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Monday, May 23, 2022

May 21 could be ‘watershed’ election on fair go for women

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There’s a reason why the biggest, fastest-growing group of homeless are women aged over 50, according to independent federal election candidate, Dr Monique Ryan.

“The gender gap is real, it’s significant,” Ryan told the audience at a recent debate for the Melbourne electorate of Kooyong, where she is challenging Federal Treasurer Josh Frydenberg.

“The first thing, which for me is an absolute no-brainer: women should receive superannuation appended to their maternity leave.

“There’s no question about that.”

Female-concentrated professions such as child care, aged care, and disability tend to be lower paid, offer insecure hours, and have a flatter trajectory for pay and career progression, which leads to protracted lower earnings – and savings – compared to men.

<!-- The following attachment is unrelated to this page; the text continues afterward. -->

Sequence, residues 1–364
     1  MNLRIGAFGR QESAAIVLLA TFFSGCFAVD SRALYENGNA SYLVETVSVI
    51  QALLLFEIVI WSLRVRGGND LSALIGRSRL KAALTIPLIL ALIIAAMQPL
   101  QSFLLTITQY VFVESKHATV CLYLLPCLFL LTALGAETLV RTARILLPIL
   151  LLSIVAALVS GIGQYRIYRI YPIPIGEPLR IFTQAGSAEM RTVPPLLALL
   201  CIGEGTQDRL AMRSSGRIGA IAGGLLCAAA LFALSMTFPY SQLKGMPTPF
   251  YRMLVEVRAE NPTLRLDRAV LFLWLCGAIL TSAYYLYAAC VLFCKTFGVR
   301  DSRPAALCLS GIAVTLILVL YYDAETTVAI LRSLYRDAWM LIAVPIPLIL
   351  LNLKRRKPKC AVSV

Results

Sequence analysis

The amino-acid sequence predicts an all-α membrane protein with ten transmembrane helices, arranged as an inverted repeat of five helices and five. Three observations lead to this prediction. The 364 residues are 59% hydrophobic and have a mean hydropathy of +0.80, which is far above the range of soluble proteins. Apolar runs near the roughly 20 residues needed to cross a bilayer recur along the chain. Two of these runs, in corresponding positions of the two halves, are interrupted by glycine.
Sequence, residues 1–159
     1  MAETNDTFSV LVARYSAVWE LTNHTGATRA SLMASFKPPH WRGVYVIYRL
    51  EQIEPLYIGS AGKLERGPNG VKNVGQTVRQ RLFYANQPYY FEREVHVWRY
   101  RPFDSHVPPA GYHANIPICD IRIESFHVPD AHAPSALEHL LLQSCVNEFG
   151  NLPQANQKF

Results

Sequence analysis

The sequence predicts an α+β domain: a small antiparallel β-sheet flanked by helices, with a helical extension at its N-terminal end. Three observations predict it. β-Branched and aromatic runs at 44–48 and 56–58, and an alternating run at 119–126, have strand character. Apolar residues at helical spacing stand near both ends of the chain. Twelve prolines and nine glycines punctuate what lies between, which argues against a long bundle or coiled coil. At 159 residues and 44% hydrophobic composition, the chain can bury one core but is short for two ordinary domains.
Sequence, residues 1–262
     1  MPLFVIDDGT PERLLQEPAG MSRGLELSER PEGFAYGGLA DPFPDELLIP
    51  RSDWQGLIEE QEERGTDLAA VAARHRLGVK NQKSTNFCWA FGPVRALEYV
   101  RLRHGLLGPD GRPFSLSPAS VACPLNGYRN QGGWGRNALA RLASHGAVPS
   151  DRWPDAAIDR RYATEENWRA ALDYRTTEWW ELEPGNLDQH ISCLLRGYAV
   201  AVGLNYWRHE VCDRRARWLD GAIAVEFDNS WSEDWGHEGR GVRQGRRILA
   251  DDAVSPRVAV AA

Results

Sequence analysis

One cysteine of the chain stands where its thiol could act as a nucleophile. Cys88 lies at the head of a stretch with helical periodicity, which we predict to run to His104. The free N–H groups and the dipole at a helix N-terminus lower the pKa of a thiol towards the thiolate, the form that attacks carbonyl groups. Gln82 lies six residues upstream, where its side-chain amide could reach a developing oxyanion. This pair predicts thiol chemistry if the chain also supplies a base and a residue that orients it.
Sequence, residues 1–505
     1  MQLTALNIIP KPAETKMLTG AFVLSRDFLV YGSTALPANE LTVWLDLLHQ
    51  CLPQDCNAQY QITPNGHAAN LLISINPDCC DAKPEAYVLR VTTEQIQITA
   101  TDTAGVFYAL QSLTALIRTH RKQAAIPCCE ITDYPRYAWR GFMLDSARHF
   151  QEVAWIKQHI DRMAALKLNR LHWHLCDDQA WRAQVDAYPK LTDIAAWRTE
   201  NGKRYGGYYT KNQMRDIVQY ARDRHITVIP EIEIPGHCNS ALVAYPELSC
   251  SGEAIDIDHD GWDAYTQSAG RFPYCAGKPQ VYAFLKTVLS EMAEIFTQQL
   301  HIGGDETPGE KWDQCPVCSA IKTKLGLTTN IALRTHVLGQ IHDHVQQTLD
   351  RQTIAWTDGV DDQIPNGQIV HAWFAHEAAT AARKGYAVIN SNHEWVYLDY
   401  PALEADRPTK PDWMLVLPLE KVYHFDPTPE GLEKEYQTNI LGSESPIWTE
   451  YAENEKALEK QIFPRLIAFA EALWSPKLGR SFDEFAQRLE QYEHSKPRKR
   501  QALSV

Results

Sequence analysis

The gender pay gap is 13.8 per cent, compared to 17.4 per cent when Labor lost power in 2013.

But add the part-time workforce and the gap widens to 30.6 per cent, according to official data.

The first thing, which for me is an absolute no-brainer: women should receive superannuation appended to their maternity leave. There’s no question about that.

Independent federal election candidate, Dr Monique Ryan

Economist Dr Leonora Risse at RMIT University said economic modelling shows investing in the care sector will bring down cost-of-living pressures and promote fiscal sustainability.

“If you invest in the right things, you’re actually growing the economy without those inflationary pressures,” Risse said.

Making child care more affordable, which both major parties want to achieve, will free up more unpaid carers – mostly women – to go to work, spend more and pay income tax.

“But at the moment if the Government, for instance, subsidises household renovations, that’s simply putting inflationary pressure on construction supplies and house prices,” Risse said.

As well as cheaper child care and action on superannuation to bridge career gaps, advocates also want help for carers, mostly women, to get jobs, education and training.